Transitions

Launching the Transition Process

Kid playing with teacherStrong relationships and open communication support children's successful transition to school. Each child's experience in the Head Start program is a journey, from intake to transition to kindergarten. When we develop a partnership with a family over time, we become part of that journey. It starts in conversations and interactions when the family first enters the program, continuing to when their child eventually leaves for another learning setting. Each of our meetings about preparing for transitions is part of an ongoing conversation along the journey.

Practice Scenario and Strategies

Read about how one early childhood team partners to launch the conversation about kindergarten. Explore the scenario and reflect on opportunities to build relationships with individual families to introduce the process of transitioning to kindergarten.

Kim is an experienced Head Start teacher in a center-based program. Carole has been a family advocate for five years. Before the school year began, they conducted home visits with all of the new families. They asked about their hopes and wishes for their children and their thoughts about the transition to kindergarten. Over the years, Kim and Carole have learned that the move to kindergarten is a big event and is on the minds of families during the last year in the Head Start program. At a pre-service session, they discovered children have a greater chance for future academic success when the transition to kindergarten is smooth.

After reviewing data from home visits, Kim and Carole decided to devote time at the first parent group meeting to launch the conversation about kindergarten. They created a word cloud poster of the comments they heard from parents during home visits to encourage a discussion about their hopes and concerns about the transition. They provided a calendar of transition events and a letter with a year's worth of ideas for families and children.

A parent whose child just started kindergarten came to the meeting and shared her family's experience. She talked about ways families can help prepare for the transition, such as maintaining good attendance in the Head Start program and reading and engaging in conversations with their child as often as possible. Carole told them about an opportunity to become a member of the program's kindergarten transition team, which meets with the elementary schools and plans transition activities.

Sarita, Rodney, and their 4-year-old son, Harvey, have just moved to the community. Harvey will be entering kindergarten next year. Kim checks in with Rodney and Sarita during refreshment time.

Kim: How are you finding Great Falls?

Sarita: I really like it here. I am looking forward to finding where everything is—stores, library, parks for Harvey—and meeting families in the area.

Rodney: We really want to make the most of this year in the Head Start program.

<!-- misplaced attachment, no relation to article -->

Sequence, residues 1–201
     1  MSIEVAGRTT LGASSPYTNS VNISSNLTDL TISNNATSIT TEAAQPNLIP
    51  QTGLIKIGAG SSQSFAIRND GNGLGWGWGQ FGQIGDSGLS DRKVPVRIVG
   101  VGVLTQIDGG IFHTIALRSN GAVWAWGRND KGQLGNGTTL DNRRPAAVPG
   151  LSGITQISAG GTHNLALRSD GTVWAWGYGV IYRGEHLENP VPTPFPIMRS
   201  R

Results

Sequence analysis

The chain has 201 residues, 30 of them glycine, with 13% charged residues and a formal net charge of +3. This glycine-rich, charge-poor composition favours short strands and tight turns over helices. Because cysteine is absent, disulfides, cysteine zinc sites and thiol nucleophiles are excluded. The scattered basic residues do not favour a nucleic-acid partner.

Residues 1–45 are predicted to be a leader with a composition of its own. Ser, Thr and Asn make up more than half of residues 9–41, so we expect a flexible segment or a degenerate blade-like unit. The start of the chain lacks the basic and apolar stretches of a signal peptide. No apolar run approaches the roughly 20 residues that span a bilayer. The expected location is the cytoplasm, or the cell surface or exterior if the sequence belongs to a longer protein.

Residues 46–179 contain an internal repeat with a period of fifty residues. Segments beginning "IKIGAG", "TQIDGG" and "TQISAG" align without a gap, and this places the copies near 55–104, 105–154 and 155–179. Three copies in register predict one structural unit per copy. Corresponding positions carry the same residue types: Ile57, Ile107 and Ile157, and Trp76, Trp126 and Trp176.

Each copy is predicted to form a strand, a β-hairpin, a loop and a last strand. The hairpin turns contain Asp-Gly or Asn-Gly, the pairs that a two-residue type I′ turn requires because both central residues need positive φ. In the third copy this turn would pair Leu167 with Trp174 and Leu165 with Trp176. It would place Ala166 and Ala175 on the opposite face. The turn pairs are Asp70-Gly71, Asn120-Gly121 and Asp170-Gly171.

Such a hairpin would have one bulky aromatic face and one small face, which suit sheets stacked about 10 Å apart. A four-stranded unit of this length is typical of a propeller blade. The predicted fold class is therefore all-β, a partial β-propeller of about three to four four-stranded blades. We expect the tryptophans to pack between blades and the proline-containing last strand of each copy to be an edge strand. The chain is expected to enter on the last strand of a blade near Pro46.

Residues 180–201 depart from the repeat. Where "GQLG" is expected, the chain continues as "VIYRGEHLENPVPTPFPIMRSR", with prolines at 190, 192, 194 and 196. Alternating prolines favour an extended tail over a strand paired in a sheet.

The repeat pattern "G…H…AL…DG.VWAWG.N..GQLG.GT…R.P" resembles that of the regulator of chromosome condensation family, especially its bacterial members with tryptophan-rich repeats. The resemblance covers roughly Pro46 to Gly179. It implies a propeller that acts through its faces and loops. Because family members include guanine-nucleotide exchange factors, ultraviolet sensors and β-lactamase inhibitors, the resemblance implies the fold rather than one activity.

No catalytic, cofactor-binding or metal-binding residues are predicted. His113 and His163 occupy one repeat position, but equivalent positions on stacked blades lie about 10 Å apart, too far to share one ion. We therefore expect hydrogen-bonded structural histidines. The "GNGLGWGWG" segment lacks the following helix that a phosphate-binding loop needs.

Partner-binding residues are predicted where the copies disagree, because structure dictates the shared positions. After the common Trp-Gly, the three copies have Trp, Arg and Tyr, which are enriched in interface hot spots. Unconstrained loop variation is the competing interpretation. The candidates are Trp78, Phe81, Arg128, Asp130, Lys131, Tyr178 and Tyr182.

Sarita: Harvey is such a smart little guy. He is pretty outgoing, like me, so he should make friends easily. I really want him to learn to write his name before he goes to kindergarten.

Rodney: I hope Sarita's right about making friends. When I was a kid, we moved around a lot. I remember it was hard to make new friends and get used to a new school.

Kim: In our Head Start program, we get to know each child, their strengths and challenges, and what they need to get ready for kindergarten. We have aligned our curriculum with local kindergarten expectations. We will talk about that together throughout the year, and when the time comes, we help you get to know the kindergarten he will be attending.

Rodney: I think I might like to join the Kindergarten Transition Team you mentioned. What do you think, Sarita?

After the meeting, Kim and Carole reflect on the group discussion and individual conversations with families. They consider what they have learned about the importance of sharing information and building relationships as two key components of successful transitions. Kim makes a note to stay in touch with Rodney about the Kindergarten Transition Team.

Carole includes the handouts in the parent meeting binder and plans to share copies with families who were not able to attend the meeting during her next home visit.

Two people talkingStrategies

Consider your role in the transition to kindergarten. How can you begin to prepare families in the fall?

Leaders can:

  • Establish a written memorandum of understanding (MOU) with public school districts and receiving schools within their Head Start service area
  • Convene a Kindergarten Transition Team early in the year that includes families, staff, and program leadership
  • Provide staff who work with families professional development on relationship-based practices.
  • Share current research about successful transition practices
  • Schedule opportunities for Head Start teachers to meet with kindergarten teachers

Staff can:

  • Use relationship-based practices to develop strong and respectful relationships with families
  • Document conversations with families about their hopes and concerns for the transition to kindergarten
  • Use the family partnership process to connect family goals with individual school readiness goals
    • Apply these goals as you prepare children and families for the transition to kindergarten

Parents can:

  • Develop a routine of daily conversation and reading with children
  • Have back-up plans for transportation or unexpected events to ensure good attendance
  • Share knowledge about their child's progress on school readiness goals with teachers on an ongoing basis during home visits, at conferences, and through text messages
  • Get involved in opportunities to meet other families and develop personal leadership skills that will strengthen their advocacy as they move with their child to kindergarten

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